When you say "cardio", do you mean an endurance activity (like long-distance running or cycling)? The reason I ask is that I think the answer might have to do with glycogen storage and depletion. In short, when you digest carbohydrates they get converted to glucose. If you don't need the glucose right away for energy, it gets stored in your liver and muscles in the form of glycogen (on a side note: your body can only store a limited amount of glycogen; when your stores are full those extra carbs end up being converted to fat). When you exercise for an extended period of time (or if you intensify your exercise routine), you deplete your blood glucose as well as the glycogen stored in your muscles because you need it for energy. When you run out of glycogen, you "bonk" or "hit the wall" -- not a good feeling! After your workout, your body will want to replenish its glycogen stores and will begin converting carbs as described above. However, with glycogen storage goes hand in hand with water retention. This is because glycogen binds to water as it is stored in your muscles. For every gram of glycogen stored, 3-4 grams of water come along with it. Coincidentally, this process is also at play when you see people losing large amounts of "water weight" (think week one of Biggest Loser) when beginning to diet and exercise.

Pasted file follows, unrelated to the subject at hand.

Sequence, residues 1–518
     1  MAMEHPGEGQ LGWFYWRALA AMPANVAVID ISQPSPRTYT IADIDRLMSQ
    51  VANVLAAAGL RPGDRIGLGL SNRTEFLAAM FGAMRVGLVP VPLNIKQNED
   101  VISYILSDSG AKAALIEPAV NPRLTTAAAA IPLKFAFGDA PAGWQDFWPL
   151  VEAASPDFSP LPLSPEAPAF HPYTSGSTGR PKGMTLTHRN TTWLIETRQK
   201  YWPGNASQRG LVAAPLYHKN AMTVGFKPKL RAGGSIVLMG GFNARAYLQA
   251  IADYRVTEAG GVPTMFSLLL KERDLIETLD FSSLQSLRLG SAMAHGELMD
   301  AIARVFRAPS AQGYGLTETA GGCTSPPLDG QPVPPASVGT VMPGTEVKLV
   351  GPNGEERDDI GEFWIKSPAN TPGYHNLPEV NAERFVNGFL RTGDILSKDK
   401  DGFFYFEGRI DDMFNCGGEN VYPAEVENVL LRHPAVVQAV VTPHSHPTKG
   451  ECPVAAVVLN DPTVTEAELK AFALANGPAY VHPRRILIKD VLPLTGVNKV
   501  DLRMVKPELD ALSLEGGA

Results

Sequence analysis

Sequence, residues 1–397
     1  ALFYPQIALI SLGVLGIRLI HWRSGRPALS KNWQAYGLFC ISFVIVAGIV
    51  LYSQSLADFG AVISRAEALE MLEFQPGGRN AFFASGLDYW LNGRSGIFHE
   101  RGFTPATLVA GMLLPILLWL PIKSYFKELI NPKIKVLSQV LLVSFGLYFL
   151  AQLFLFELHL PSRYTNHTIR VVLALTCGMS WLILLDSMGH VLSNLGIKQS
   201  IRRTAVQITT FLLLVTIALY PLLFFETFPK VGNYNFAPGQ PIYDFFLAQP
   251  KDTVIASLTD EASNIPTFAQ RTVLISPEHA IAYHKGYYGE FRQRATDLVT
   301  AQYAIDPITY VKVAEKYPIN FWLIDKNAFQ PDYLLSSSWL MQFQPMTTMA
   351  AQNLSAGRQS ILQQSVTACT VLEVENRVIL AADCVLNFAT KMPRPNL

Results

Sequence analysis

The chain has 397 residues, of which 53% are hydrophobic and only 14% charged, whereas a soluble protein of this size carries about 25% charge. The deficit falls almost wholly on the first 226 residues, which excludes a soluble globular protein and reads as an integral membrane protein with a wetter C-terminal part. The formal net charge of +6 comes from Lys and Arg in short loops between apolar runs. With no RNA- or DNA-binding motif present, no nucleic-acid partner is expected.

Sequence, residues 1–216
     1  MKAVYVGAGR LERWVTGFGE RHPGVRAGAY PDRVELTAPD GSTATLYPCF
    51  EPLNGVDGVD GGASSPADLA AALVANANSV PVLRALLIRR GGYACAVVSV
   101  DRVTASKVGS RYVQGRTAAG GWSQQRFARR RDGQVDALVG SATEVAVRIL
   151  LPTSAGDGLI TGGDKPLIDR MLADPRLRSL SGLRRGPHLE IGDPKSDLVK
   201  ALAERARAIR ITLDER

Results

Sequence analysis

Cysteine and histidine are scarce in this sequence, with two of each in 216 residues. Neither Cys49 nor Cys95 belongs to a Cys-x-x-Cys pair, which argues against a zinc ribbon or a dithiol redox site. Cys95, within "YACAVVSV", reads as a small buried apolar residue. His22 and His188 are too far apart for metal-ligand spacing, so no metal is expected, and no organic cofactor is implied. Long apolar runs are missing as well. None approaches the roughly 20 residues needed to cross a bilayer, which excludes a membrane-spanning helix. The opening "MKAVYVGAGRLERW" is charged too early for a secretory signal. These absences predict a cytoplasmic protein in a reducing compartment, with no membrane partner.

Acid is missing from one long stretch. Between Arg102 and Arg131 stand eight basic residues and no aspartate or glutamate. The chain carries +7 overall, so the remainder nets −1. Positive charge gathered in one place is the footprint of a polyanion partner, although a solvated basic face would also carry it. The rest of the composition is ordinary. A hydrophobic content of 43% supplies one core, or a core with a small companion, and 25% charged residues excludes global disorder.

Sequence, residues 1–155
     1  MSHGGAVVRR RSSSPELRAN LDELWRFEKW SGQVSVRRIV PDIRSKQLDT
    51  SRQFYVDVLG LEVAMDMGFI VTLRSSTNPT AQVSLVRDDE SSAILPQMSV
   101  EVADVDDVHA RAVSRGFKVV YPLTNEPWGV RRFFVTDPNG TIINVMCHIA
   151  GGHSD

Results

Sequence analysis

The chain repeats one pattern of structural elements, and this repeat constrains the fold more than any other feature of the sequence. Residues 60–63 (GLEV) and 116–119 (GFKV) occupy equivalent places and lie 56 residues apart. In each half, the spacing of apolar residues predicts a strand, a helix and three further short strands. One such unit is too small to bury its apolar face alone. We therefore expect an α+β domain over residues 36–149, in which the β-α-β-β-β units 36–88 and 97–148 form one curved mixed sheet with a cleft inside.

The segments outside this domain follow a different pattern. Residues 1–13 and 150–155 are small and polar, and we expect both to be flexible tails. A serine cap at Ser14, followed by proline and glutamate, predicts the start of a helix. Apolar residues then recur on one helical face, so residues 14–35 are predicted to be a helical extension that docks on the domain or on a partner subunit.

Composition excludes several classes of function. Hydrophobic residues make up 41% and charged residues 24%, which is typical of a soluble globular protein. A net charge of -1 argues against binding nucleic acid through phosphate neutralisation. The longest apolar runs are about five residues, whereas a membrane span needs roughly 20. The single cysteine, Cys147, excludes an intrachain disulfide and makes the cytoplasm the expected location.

From everything I've heard, this type of weight fluctuation is pretty normal. Oftentimes, the day after a particularly intense workout I will be up a couple of pounds and things will normalize the next day. If you are fairly new to exercise, you may be depleting your stores faster than someone who is more conditioned. I remember this being discussed a while back on the forums (maybe by tandoorichicken??), but I am unsure of which category it was in. In any case, I wouldn't worry about it -- keep drinking lots of water, refeed yourself with complex carbs after a workout, and if you're doing an intense workout form more than 90 minutes (approximately) bring a source of carbs like Shot Bloks or Gatorade to help replenish energy mid-workout.
Keep at it and DO NOT get discouraged by the scale!